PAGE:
Before Your Trip
“I was quite in awe of the thoughtfulness that went into the program, and your presence, clarity, and gentle focus as leaders.”
– Josh, Reconstructionist Rabbinical College and Pardes (Read more testimonials)
Israeli law prohibits Israeli citizens from traveling to most Palestinian population centers in the West Bank. Since those areas are the focus of Encounter’s programs, we are generally unable to accept Israelis as participants in the program. A limited number of our programs each year go to areas that are not prohibited for Israeli citizens; please contact us for more information.
To travel from Israel to the West Bank, you must have a valid passport with a current Israeli visa or stamp. (Your arrival stamp is good for a three-month tourist visit.) As crossing points, your passport may be checked for an up-to-date visa, but will not be stamped, and Israel does not consider travel in the West Bank as an entrance or exit from the country. Encounter programs travel to Palestinian cities in a private bus, and pass through checkpoints as a group.
Israeli shekels are the primary currency used in the West Bank, although American dollars and euros are sometimes accepted by businesses in tourist-heavy areas (such as Bethlehem).
International tourism in the West Bank is popular, and Encounter groups blend in with other international groups. For example, more than one million tourists visited Bethlehem in 2009. In the same year, more than 250 Jewish leaders traveled to Bethlehem on an Encounter program.
In our experience, a little bit of Arabic can go a long way. Palestinians will appreciate your effort to learn and use a few basic greetings.
|“Peace unto you“
Good morning (reply)
The safety and security of Encounter’s participants is our highest priority. Encounter plans trips with tremendous caution to provide our participants with background knowledge and guidelines for the safest possible trip.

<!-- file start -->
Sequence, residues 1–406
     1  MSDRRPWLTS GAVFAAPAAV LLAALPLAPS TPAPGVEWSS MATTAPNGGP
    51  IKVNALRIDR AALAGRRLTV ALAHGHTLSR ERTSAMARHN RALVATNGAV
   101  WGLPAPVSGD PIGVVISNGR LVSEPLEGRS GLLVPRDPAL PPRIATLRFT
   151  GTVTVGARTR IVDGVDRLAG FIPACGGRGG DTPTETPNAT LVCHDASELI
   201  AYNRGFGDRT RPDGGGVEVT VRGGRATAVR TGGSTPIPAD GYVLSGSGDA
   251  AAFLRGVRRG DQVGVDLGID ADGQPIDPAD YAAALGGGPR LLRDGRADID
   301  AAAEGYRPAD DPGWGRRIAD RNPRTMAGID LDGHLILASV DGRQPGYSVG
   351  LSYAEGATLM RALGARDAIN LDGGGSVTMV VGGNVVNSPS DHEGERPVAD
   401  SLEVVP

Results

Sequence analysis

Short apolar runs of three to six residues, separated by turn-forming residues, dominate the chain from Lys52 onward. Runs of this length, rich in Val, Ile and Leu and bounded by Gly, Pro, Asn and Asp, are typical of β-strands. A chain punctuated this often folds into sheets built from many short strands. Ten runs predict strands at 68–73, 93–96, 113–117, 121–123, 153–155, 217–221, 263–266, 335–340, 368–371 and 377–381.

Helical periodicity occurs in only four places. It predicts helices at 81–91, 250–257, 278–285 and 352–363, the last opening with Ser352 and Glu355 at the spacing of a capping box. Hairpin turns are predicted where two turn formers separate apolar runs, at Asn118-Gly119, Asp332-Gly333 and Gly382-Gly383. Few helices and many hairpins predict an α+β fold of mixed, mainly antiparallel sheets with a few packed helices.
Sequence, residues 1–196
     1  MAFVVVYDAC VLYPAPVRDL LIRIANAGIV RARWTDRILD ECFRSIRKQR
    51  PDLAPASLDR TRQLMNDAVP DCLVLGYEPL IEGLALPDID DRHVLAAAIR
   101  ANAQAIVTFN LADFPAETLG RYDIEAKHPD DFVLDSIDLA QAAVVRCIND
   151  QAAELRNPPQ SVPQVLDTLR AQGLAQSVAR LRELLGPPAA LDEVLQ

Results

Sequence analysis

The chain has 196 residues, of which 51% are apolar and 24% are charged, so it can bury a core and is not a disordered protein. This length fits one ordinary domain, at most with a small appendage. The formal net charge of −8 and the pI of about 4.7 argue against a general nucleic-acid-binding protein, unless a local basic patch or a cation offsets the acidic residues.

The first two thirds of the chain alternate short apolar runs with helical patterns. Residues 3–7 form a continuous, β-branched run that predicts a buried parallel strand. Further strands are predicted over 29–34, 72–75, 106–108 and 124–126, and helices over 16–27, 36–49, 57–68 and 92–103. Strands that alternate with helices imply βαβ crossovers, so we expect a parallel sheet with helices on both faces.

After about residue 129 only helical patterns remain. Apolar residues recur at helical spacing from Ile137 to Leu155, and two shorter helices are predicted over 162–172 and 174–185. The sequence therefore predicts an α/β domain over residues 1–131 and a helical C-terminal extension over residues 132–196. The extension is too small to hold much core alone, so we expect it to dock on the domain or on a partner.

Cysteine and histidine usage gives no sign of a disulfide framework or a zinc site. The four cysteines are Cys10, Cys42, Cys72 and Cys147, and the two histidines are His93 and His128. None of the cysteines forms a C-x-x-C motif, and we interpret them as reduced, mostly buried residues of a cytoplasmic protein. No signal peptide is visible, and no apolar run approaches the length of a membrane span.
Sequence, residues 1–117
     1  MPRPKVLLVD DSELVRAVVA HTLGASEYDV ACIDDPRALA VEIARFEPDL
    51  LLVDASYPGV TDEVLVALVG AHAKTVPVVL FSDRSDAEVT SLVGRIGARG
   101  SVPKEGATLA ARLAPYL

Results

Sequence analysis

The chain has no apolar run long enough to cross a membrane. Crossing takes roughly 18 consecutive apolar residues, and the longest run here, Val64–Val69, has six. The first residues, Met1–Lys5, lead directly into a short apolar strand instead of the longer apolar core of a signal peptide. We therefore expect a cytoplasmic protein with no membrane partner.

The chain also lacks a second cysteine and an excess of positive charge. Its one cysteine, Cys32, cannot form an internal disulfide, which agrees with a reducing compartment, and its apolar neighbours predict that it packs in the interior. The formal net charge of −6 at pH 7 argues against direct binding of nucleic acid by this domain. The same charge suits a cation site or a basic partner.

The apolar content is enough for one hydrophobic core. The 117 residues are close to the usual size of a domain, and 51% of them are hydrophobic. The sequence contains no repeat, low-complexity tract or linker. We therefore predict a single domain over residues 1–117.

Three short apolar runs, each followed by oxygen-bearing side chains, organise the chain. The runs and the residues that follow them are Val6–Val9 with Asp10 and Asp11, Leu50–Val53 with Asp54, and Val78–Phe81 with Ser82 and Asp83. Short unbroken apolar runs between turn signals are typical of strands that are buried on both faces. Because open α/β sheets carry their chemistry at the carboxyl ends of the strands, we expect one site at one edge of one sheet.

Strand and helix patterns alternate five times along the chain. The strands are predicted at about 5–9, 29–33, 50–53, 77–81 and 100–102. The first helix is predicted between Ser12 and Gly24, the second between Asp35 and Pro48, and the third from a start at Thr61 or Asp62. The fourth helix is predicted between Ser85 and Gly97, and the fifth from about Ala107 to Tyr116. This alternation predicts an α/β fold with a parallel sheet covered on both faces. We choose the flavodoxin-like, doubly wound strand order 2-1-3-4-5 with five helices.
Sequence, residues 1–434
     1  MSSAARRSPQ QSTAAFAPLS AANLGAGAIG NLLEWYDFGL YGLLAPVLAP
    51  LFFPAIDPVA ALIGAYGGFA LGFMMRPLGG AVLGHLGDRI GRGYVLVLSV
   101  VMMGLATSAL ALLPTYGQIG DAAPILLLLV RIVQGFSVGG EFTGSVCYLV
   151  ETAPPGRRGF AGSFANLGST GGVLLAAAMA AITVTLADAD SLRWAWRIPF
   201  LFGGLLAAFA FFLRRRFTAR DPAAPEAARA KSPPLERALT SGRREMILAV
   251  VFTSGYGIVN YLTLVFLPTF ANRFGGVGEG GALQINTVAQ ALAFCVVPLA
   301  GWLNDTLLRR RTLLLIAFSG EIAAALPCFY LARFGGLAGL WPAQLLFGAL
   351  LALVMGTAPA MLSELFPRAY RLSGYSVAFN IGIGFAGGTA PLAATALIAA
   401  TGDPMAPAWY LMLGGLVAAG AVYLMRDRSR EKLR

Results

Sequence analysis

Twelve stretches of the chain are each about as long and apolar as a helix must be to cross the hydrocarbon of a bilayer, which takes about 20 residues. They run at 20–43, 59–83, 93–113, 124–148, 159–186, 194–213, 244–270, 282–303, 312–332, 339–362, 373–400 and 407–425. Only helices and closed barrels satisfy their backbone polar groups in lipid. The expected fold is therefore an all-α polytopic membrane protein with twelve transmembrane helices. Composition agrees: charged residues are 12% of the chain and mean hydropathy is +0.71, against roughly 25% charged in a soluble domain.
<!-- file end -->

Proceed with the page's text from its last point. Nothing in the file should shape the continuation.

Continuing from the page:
Safety risks are an inherent component of any travel experience anywhere in the world, including Israel and the West Bank. Each participant must make the decision to participate in an Encounter trip for him or herself.
Here are a number of security measures we have in place to protect our groups. We’re happy to discuss any of these measures with you; please contact us with any questions.
- Encounter travels as a group on the bus with visible Palestinian partners who are known to Encounter and well-known in the Palestinian community. In doing so, Encounter participants are identified to Palestinian onlookers as a friendly rather than invasive presence.
- Encounter participants travel in a group, primarily in contained environments and known locations. Encounter participants are prohibited from leaving the group to walk in public areas-– whether to go shopping or walking around.
- Encounter participants are asked not to display external signs of Jewish identity while in public places-– including kippot or tzitzit-– and are asked to refrain from speaking Hebrew while in public places. Encounter participants appear like any of the other many international tourist groups that frequent Bethlehem.
- The majority of the places Encounter visits are known areas that Encounter trips have traveled to previously, and the majority of these locations are areas where international tourists travel.
- Encounter recommends that participants register with their embassy for the duration of their time in Israel and the West Bank, and that they read their embassy’s suggestions regarding travel and safety. Most embassies consider Israel and the West Bank as one region, so it is only necessary to register once for an entire trip; you don’t need to register your Encounter trip separately. To register with your embassy, follow the links below to the sign-up process for your country, or search for your country’s embassy online.